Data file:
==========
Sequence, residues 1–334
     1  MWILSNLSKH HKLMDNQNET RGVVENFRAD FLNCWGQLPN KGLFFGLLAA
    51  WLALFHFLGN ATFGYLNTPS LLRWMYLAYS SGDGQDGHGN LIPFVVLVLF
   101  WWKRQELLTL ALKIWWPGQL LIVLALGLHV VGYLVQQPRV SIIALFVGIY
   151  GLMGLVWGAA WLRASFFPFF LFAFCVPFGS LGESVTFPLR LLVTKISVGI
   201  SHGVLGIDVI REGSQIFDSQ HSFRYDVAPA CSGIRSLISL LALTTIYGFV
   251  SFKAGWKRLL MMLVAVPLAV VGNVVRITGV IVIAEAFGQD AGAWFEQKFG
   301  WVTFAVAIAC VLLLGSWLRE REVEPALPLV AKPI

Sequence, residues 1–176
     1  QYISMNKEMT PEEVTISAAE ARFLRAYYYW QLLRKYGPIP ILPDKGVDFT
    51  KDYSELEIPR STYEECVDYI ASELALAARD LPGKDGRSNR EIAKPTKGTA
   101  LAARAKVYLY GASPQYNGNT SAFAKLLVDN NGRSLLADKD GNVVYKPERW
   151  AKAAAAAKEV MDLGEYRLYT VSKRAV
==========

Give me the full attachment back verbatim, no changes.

Sequence, residues 1–334
     1  MWILSNLSKH HKLMDNQNET RGVVENFRAD FLNCWGQLPN KGLFFGLLAA
    51  WLALFHFLGN ATFGYLNTPS LLRWMYLAYS SGDGQDGHGN LIPFVVLVLF
   101  WWKRQELLTL ALKIWWPGQL LIVLALGLHV VGYLVQQPRV SIIALFVGIY
   151  GLMGLVWGAA WLRASFFPFF LFAFCVPFGS LGESVTFPLR LLVTKISVGI
   201  SHGVLGIDVI REGSQIFDSQ HSFRYDVAPA CSGIRSLISL LALTTIYGFV
   251  SFKAGWKRLL MMLVAVPLAV VGNVVRITGV IVIAEAFGQD AGAWFEQKFG
   301  WVTFAVAIAC VLLLGSWLRE REVEPALPLV AKPI

Sequence, residues 1–176
     1  QYISMNKEMT PEEVTISAAE ARFLRAYYYW QLLRKYGPIP ILPDKGVDFT
    51  KDYSELEIPR STYEECVDYI ASELALAARD LPGKDGRSNR EIAKPTKGTA
   101  LAARAKVYLY GASPQYNGNT SAFAKLLVDN NGRSLLADKD GNVVYKPERW
   151  AKAAAAAKEV MDLGEYRLYT VSKRAV